Exclusive interview – Composer Mark Hadley breaks down his Double Walker score
We chat with Double Walker composer Mark Hadley…
She had two choices: live one more day as a human or live forever as a ghost. She chose the latter. Colin West’s ghost story, Double walker, should be released in theaters and on VOD platforms this weekend. The official synopsis goes as follows: A young ghost (producer / co-writer Sylvie Mix) haunts her cold Midwestern hometown, trying to piece together horrific flashes of memories from her past. One by one, she kills the men she believes responsible for her death, though her plan derails when she meets Jack (Jacob Rice), a kind movie bailiff who inadvertently intercepts her as she stalks her next one. victim. As Jack welcomes him and offers him a glimpse into a normal life, his desire to avenge his own murder persists. Composer Mark Hadley’s score, which he describes as ambient and slightly menacing, adds to the haunting story. Some of Hadley’s previous credits include In the dark: my Valentine’s Day, Survival techniques and Rectify. To learn more about Hadley’s rating process for the film and some of her other projects, we’ve spoken to her exclusively below.
What attracted you to the Double Walker screenplay?
What attracted me to the script was the concept and the non-linear aspect of the story. I love movies that take place in fascinating and curious ways, and Double walker definitely had that quality in the script. I also admire co-writer and director Colin West and am always excited about projects with him.
How would you describe your score for the film?
My score for the film is rather ambient and slightly menacing, using unusual metallic textures to capture the cold aesthetic and warmer organic instruments to speak to humanity. I wanted the score to sound like a symphonic poem, so it’s also a bit meditative and seems suspended in time.
Can you talk about your relationship with the film’s writer / director, Colin West. Did he have a very specific idea of what he wanted the score to sound like or did you have more freedom to experiment?
Colin West, besides being a brilliant writer and director, is a close friend and we have a deep mutual respect. It’s a beautiful collaborative environment where I have the confidence and the freedom to experiment and reach new concepts without being confined to a predetermined sound. We had several discussions about how we wanted the movie to feel, what the role of the music should be, and the overall tone. These discussions informed my approach and the way I conceptualized sound and made decisions about instrumentation and tone.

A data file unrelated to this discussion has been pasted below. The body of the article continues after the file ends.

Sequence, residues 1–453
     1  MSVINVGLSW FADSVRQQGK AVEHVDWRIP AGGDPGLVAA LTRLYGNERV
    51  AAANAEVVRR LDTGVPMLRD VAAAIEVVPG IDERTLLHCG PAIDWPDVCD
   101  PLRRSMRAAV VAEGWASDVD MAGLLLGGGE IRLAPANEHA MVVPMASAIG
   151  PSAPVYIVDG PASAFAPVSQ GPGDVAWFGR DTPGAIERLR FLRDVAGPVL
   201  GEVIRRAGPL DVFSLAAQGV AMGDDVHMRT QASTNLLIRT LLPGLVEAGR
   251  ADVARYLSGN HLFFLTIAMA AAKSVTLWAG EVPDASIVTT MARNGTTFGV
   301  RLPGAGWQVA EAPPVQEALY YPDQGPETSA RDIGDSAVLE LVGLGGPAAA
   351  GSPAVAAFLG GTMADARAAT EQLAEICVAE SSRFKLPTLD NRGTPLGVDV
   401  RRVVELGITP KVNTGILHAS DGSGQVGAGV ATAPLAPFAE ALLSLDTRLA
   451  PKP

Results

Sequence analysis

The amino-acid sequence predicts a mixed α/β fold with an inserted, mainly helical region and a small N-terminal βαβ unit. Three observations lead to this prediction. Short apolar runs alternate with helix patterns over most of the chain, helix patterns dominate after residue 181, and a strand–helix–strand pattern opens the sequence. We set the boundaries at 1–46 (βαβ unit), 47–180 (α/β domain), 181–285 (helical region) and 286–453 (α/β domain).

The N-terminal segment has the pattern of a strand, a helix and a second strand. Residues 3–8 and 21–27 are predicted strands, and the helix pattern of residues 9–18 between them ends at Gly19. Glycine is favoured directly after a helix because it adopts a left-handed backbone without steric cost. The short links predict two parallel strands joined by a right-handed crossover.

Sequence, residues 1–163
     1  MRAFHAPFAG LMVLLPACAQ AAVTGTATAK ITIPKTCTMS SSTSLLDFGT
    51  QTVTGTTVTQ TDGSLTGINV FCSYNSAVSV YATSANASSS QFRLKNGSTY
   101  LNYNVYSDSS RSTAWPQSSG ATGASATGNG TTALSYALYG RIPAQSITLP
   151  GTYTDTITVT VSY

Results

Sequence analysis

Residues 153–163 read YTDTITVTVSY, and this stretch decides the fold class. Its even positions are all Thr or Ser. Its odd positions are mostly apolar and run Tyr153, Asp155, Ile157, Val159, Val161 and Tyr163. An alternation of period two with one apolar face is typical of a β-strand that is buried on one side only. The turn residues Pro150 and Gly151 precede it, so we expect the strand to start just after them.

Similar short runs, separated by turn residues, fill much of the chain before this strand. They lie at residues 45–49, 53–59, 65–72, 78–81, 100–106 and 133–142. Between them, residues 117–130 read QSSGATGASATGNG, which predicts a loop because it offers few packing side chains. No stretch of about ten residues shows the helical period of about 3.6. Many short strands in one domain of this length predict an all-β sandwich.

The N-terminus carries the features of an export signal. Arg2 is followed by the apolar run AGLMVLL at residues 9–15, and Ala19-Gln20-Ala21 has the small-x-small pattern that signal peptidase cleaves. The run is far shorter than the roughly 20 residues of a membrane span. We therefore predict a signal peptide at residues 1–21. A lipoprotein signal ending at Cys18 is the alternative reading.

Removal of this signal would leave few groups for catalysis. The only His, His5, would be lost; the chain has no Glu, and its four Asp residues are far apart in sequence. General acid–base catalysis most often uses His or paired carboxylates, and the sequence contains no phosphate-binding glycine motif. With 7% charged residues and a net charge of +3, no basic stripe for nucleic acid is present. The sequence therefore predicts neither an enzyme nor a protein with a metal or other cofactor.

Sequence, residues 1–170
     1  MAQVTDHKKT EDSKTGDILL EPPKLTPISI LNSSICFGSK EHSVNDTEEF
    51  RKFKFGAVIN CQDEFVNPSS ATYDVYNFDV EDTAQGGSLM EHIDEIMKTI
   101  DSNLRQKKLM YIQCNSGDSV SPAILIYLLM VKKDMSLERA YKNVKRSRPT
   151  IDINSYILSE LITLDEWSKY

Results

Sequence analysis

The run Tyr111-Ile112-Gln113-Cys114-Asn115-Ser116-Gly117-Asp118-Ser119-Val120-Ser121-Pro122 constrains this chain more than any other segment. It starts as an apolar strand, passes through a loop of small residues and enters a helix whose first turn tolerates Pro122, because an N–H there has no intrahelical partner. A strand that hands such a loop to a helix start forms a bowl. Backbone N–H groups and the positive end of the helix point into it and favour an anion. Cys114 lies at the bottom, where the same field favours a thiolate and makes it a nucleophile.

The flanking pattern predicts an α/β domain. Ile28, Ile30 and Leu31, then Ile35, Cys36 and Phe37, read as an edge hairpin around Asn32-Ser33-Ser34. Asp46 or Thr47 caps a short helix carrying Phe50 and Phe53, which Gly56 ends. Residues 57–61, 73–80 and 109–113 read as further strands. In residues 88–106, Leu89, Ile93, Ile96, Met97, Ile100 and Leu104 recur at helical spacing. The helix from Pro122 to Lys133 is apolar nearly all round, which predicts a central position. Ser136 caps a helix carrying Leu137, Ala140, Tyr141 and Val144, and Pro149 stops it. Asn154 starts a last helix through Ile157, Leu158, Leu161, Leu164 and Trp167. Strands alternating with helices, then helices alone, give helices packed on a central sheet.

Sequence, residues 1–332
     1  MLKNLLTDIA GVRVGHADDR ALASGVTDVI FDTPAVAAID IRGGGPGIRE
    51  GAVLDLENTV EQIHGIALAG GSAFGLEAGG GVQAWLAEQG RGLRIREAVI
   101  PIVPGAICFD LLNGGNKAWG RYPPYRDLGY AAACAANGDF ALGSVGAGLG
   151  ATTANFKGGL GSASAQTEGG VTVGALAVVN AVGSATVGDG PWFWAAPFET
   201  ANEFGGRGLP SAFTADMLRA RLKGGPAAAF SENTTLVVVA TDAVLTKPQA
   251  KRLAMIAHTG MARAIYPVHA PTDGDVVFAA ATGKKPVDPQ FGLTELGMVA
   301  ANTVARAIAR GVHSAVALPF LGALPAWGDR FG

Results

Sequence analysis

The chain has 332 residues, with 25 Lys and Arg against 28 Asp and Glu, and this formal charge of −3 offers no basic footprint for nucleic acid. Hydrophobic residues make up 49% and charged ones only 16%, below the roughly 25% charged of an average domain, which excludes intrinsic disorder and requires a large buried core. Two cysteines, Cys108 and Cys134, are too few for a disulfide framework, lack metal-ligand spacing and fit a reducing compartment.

We have heard of some composers including “found objects” in their scores. Did you do something like this with your Double Walker score?
There are many sounds found in this score. I used contact microphones on different metal objects to find disturbing drones. Due to the role played by the spoon in the movie, I recorded different piano parts using a spoon to strike the strings and other parts of the piano. I also worked with a percussionist (Sean Connors of Third Coast Percussion) who brought experimental concepts to the score such as holding an electric toothbrush over a gong to create crackling and dissonant drones and using a violin bow on a vibraphone to create long metallic sounds. .
Did you turn to one instrument more than others for the Double Walker score? Why?
I wanted the score to be cold so we used a lot of metal percussion instruments like gongs, vibraphone, rin and even the almglocken which is a Swedish cowbell (also used the electric toothbrush on this point). We also had to capture a human element, so I also used the piano and cello a lot.
You also take out the music album from the movie. If you had to list one or two tracks for people to listen to, which would they be?
The main title, Double walker, because it captures the essence of the score. Also, the piece New Years, because it is the only moment of the score which offers a more vulnerable, introspective tone as opposed to the rest of the score which is more unsettling.
According to IMDB, you’ve played guitar on shows like Modern Family, Twisted, and Rectify. How did you connect to these shows?
My first gig in LA was working as an assistant to a TV composer, Gabriel Mann, who composed these shows. Because I’m a guitarist, it worked for me to record on these shows during that time.
You founded the company, Repository in 2020 as a ship that specifically focuses on music and sound design for commercial purposes. Can you talk about it a bit more? What gap do you think this company is filling?
I work a lot for commercials and trailers as well as movies, and I’ve often felt that the music in this space is either unoriginal, uninteresting, or one-dimensional. I wanted to bring new sound to this space and bring creative music solutions to music publishers, agencies and supervisors. I’m also interested in spreading equity in this space, so most of the tracks in Repository are collaborations with amazing instrumentalists who have an ongoing interest in music.
Not only have you tagged movies and TV shows, but you’ve also tagged lots of commercials for brands like Apple, Amazon, and Netflix. Can you talk about the advertisements for Apple that you specifically tagged?
For Apple, I had my original tracks licensed, like my song Tomato Soup (by my artist project, Hark Madley) for the iPhone 12 Pro product film and Bass Brain for the iPad air product film in 2020, and I I was also ordered to compose original scores as for the film produced iPhone 13 Pro this year in 2021.
The soundtrack to Mark’s film will also be available digitally on Friday. You can read more about Marc here.